Well, in the overview of the FiRST framework, I suggested a mnemonic (“OPQRS”) to segment your approach to standing out, and to help you remember related techniques.
That mnemonic stands for 5 categories of tips, in topics that are key to standing out:
In this post, you’ll find tips you can use to help motivate your listeners to turn your words into action. And through that action, people can solve the problem they have – which is what brought them to hear you speak in the first place.
As author and researcher Andrew Abela puts it:
“If you’re trying to solve a problem for them,
then whatever you give them is going to be
interesting to them.”
So trying to solve your listeners’ problem certainly keeps them engaged. But how exactly can you help people turn your words into action? I recommend you use this 3-part model:
When you build a deck of presentation slides, how do you keep on track? If you’re like me, I’m sure you’ve sometimes felt pressure (from yourself or some-one else) to include more and more content.
You know, like:
- Background on your topic, even though most of your audience doesn’t care (or already knows it)
- Existing slides on your topic, but which were made for a different purpose
Here’s one great tip that’ll help you resist pressures like those, and it comes in just a
20-second video clip from experienced speaking-coach Jim Endicott:
As Jim suggests:
What do TED talks, the president of the United States, and the key message in the book Made to Stick have in common?
Simply this – they’re all known by acronyms:
- TED for Technology, Entertainment, Design
- POTUS for President Of The United States
- SUCCES from Made to Stick.
You might be wondering what that has to do with your talk or presentation. Well, coining your own acronym can help you neatly and compellingly convey your core message or call-to-action.
That’s what I often do with my own content, using acronyms like FiRST, Aim, or PACE. And as you can tell from me citing 3 examples that I’ve coined, I love acronyms!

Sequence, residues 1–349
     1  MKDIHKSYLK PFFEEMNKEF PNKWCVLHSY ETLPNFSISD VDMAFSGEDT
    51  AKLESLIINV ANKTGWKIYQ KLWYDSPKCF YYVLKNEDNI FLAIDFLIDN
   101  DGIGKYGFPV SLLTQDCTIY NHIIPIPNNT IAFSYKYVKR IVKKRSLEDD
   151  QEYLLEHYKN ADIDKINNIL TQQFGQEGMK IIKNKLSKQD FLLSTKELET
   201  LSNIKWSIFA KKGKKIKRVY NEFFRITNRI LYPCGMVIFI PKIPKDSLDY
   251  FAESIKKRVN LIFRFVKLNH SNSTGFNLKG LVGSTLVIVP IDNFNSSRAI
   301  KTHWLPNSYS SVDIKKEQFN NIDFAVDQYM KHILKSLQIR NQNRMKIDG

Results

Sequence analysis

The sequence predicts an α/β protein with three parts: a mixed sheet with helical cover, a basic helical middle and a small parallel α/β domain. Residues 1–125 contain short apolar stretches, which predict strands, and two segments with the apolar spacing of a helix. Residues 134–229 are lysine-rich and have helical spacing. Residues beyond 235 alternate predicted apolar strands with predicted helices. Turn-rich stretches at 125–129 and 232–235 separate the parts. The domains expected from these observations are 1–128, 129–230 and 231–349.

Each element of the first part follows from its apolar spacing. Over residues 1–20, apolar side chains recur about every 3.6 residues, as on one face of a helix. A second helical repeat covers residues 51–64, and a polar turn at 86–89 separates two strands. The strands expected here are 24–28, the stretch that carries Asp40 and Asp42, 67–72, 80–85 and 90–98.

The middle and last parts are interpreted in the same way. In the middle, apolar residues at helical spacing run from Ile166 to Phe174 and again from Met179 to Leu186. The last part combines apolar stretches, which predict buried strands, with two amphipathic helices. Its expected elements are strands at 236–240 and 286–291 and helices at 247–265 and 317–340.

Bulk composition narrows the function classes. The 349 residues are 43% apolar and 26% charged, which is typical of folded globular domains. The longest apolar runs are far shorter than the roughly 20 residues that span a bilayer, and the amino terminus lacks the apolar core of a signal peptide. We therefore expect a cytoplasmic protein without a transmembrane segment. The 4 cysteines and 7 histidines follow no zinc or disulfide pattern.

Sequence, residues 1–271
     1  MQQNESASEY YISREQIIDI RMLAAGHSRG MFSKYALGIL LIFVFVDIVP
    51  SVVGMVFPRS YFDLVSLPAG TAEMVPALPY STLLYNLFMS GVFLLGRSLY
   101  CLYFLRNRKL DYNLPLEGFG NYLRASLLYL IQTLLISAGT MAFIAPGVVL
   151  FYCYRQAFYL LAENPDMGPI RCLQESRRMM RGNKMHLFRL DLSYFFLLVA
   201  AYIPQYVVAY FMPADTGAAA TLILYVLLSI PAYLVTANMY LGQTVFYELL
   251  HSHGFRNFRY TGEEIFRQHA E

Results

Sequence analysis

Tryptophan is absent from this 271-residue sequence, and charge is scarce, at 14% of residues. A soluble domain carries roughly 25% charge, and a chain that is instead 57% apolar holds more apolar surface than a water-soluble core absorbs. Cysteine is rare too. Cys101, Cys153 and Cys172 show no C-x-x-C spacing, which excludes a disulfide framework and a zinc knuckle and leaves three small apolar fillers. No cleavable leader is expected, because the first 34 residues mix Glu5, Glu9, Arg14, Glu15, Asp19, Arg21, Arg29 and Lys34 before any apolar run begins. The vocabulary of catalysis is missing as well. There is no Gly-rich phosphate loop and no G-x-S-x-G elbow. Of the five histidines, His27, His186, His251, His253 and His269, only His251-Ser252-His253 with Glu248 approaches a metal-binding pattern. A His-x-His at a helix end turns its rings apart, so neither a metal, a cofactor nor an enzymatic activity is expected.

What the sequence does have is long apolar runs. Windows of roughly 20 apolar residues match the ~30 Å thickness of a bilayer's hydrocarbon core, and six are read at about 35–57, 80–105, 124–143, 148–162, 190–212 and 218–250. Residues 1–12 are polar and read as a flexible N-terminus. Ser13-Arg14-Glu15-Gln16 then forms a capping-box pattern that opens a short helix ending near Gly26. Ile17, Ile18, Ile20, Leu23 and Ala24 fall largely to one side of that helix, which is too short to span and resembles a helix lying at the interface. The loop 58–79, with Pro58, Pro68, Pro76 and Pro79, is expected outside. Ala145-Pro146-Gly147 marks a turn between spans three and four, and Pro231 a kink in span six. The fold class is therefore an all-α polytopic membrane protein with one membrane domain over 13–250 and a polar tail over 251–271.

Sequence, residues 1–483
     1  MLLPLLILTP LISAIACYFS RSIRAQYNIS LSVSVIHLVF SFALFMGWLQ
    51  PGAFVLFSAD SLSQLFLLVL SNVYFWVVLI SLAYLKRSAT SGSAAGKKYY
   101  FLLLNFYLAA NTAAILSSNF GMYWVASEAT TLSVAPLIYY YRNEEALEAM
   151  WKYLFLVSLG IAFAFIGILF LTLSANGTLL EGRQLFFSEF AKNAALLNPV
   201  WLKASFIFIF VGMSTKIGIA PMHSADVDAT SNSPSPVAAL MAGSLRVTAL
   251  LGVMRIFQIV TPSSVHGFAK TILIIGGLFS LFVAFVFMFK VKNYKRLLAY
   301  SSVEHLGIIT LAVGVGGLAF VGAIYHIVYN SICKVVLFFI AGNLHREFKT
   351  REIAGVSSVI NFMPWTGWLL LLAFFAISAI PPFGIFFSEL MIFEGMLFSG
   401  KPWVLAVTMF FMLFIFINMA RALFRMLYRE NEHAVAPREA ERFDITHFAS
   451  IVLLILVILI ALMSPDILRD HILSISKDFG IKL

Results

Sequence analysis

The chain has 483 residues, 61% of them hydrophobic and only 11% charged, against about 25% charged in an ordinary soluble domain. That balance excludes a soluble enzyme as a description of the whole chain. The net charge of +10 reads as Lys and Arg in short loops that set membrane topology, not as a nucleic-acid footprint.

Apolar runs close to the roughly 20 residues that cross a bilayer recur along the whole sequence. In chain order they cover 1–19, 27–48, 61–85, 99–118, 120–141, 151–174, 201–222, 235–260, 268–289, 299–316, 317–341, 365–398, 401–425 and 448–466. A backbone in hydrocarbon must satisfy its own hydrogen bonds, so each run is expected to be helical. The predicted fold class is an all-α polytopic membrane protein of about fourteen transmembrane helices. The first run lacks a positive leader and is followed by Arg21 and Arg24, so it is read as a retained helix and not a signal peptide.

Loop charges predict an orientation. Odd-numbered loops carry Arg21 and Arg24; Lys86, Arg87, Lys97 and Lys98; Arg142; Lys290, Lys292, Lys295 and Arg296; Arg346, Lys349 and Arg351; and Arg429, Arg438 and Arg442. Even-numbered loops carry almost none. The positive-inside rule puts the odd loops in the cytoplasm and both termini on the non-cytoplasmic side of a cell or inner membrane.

I’m not the only one, either. Near the end of this post, I list acronyms used by many other speaking-coaches, including:
- Garr Reynolds, author of Presentation Zen and other books on presenting
- Craig Valentine, former World Champion of Public Speaking
- Ellen Finkelstein, Microsoft PowerPoint MVP
An acronym can be great for you and your audience
So let me try to convince you why an acronym can be great for you and your audience. (That is, provided you apply your acronym strategically to a vital part of your talk, especially your core message or call-to-action.)
Does this age-old advice about presenting sound familiar?
- Tell people what you’re going to tell them.
- Tell them.
- Tell them what you told them.
You’ve probably heard that advice before (and you might well follow it, too). It basically says:
“Start your presentation with an agenda,
and end with a summary slide” [Doubtful advice]
I’ve used that format myself many times. But the more I thought and read about it, the more I realised it tends to bore listeners, for 4 reasons:
When you’re preparing a speech or presentation, do you ask yourself specific questions to help you build your talk?
For instance, you might ask yourself:
“What do I want my audience to do as a result of my talk?”
Questions like that one – being based on your audience – are much more helpful than focusing on your topic itself. They help you frame your content from your listeners’ viewpoint. So when you give your talk, people are far more likely to:
- Listen to what you say in the first place.
- Make the effort to properly consider it.
- Accept it.
One of the best sets of speech-planning questions I’ve ever seen was shared by speaking-coach Christopher Witt. It consists of just 4 questions, the 1st being what you want your audience to do, and the last being: